Cassville schools being considered for telemedicine grant
New technology would bring doctor to students, improve health, attendance
The Cassville school district and five other nearby districts may soon be getting a valuable service come September, when CoxHealth, which currently provides telemedicine services for Cassville school employees, may extend the same services to elementary students.
It's all contingent on a three-year, $219,000 grant the hospital system applied for in June through the Missouri Foundation for Health.
Since January, district employees have been utilizing DirectConnect services, which includes telemedicine technology to treat a variety of common illnesses and medical issues on site, so teachers don't have to leave their classrooms to address a medical concern, be it allergies, a cold, ear ache, or any other typical malady.
"If you have a UTI, sinus infection, or ear pain, and you don't want to leave or can't take off work, you can get it looked at there, on your phone," said Bridgette O'Hara, DirectConnect product manager for Cox. "It also eliminates wait time at doctors' offices and the expense of urgent care or emergency room visits."
"What the school board and I intended to do with this service is provide another embedded benefit to our employees, and at no cost," said Richard Asbill, superintendent for the district. "It makes it a powerful part of our benefits structure. Employees who have easy access to health care are more responsive to employment needs. In school business, our employees are exposed to a variety of germs and contagious items. So, by providing a DirectConnect access option to our employees, they are better able to care for themselves or their own family members."
The program has been so successful for employees that Cox hopes, with the help of the grant, to bring the same telemedicine services to students, to improve health, and ultimately, attendance and academic success.
"Our whole focus is on students who have a lower attendance so if they don't meet the 90th percentile, or if they have chronic ailments, the idea is we will be able to improve health or attendance for those students," O'Hara said. "Asbill was really excited about [offering] the program to students."
"Our students are our priority," Asbill said. "Any time we can focus good quality efforts on services that benefit our students, we need to take a proactive approach. The initial benefits are hard to clarify. Access and wellness are the first. The intended benefit is wellness and students who come to school healthy and ready to learn."
In a nutshell, what the program does is give students increased access to health care and expert providers through telemedicine, an emerging new technology that uses video to allow provider and patient to connect remotely.
Parents can also be present during a doctor's visit by connecting on their phone. It is akin to Skype or FaceTime.
"It doesn't have to be a smart phone," O'Hara said. "Anything with internet service and a camera will work. Having a parent present is extremely important to us so they can carry out that care plan, because if we say, you need to take this antibiotic for so many days, is the student really going to be able to articulate that to his parents?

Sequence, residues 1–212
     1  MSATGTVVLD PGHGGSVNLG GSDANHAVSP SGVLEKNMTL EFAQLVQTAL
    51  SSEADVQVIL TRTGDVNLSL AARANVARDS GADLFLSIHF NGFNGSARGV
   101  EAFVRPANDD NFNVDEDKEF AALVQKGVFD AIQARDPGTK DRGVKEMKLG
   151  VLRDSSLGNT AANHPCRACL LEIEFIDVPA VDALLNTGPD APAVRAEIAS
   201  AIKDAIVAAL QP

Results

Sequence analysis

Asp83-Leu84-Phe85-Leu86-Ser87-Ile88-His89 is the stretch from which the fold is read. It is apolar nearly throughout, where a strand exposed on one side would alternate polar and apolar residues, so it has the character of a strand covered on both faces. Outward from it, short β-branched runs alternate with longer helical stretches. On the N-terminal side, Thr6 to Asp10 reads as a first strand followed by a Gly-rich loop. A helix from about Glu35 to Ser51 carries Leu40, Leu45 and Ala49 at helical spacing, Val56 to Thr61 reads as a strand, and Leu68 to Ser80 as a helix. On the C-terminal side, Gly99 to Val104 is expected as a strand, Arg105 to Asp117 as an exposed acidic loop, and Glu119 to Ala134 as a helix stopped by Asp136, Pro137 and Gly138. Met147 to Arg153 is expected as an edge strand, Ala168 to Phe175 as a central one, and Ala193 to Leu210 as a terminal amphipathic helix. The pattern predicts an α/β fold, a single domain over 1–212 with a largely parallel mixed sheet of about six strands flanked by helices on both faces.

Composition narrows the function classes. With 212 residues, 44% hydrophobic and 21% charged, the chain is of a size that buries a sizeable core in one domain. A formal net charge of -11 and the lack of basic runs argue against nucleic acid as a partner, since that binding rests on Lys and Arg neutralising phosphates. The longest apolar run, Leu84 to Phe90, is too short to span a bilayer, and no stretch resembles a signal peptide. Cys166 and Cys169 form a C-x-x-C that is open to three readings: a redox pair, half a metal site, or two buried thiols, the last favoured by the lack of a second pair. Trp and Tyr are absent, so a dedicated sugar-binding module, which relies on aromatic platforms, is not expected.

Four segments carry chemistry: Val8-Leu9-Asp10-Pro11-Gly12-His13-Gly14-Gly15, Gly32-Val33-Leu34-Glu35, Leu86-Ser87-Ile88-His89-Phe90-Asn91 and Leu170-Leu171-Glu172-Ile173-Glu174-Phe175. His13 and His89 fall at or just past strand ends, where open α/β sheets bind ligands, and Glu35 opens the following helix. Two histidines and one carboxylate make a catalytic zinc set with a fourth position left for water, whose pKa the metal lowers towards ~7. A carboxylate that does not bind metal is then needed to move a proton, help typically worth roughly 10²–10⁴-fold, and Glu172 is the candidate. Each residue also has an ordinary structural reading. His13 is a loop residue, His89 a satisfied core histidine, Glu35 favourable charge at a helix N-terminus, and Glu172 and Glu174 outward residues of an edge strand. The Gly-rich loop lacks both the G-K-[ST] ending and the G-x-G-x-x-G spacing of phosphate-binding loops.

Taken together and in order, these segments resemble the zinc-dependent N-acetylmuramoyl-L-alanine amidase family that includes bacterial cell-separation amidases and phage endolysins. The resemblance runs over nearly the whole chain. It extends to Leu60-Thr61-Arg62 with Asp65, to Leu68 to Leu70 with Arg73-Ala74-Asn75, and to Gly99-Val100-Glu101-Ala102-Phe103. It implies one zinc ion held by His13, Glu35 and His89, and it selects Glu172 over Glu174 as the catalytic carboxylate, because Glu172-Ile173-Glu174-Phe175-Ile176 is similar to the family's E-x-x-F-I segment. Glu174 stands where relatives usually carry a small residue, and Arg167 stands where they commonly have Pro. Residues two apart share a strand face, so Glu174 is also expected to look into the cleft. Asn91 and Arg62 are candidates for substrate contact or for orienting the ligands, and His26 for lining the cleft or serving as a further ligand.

"We currently have a Care Mobile staffed by nurse practitioners. They travel to many schools across southwest Missouri, primarily doing sports physicals, immunizations, and some treatments. What we're doing is applying for a grant to integrate telemedia into that service. The grant will allow us to pilot with six schools in the area. Say our Care Mobile is in Monett, but we have a sick kid in Reeds Spring, they can connect back there with telemedicine."
The barrier, O'Hara said, has always been that Care Mobile, originally funded by the Children's Miracle Network, can't be in several schools at once.
"You just don't know which kid is going to be sick at what school, so bringing that telemedia piece allows them to have access to all the schools," O'Hara said. "So, sometimes, the Care Mobile will be there in person, but when they're not, they can be there through telemedicine."
Nurses can simply link in with a pool of providers to promptly get an opinion and diagnosis.
"The nurse can say, 'We're not sure if it's pink eye or just allergies, so let's get you on screen with a provider,' and the provider can give their opinion and prescribe what's needed," O'Hara said. "Then, if they need to be home, they can, or they can get a letter saying it's just allergies, and the student can return to school."
O'Hara said in talking to some of these schools, some students have missed more than half the year due to sickness.
"This services allows them to stay in school," she said. "We're working with CoxHealth Foundation to support it. So, we'll be dealing with a lot of resources to make the program successful. It's kind of repurposing the Care Mobile service, I think to make it more of what it is designed to do to -- help sick kids. Healthy kids learn better, so if we can keep them healthy, attendance will improve."
The grant funds would enable telemedicine services to be offered to six elementary schools: Cassville, Monett, Mountain Grove, Ozark, Reeds Spring and Forsyth.
"Our goal is to expand it past elementary and other schools, and to address more acute illnesses, like diabetes, behavioral health and asthma," O'Hara said. "Those are the big ones that keep them out of classes. There's a need for that. Obviously, being a health care system, we have those services available throughout our system."
The hospital expects to hear about the status of their grant application in September.
"We've had schools asking us for a very long time to bring in some kind of telemedicine services, and we do it currently for our staff," O'Hara said. "We're excited about it, but if the grant doesn't transpire, we're still going to work on making this a reality, one way or another. I want it for my kids, too."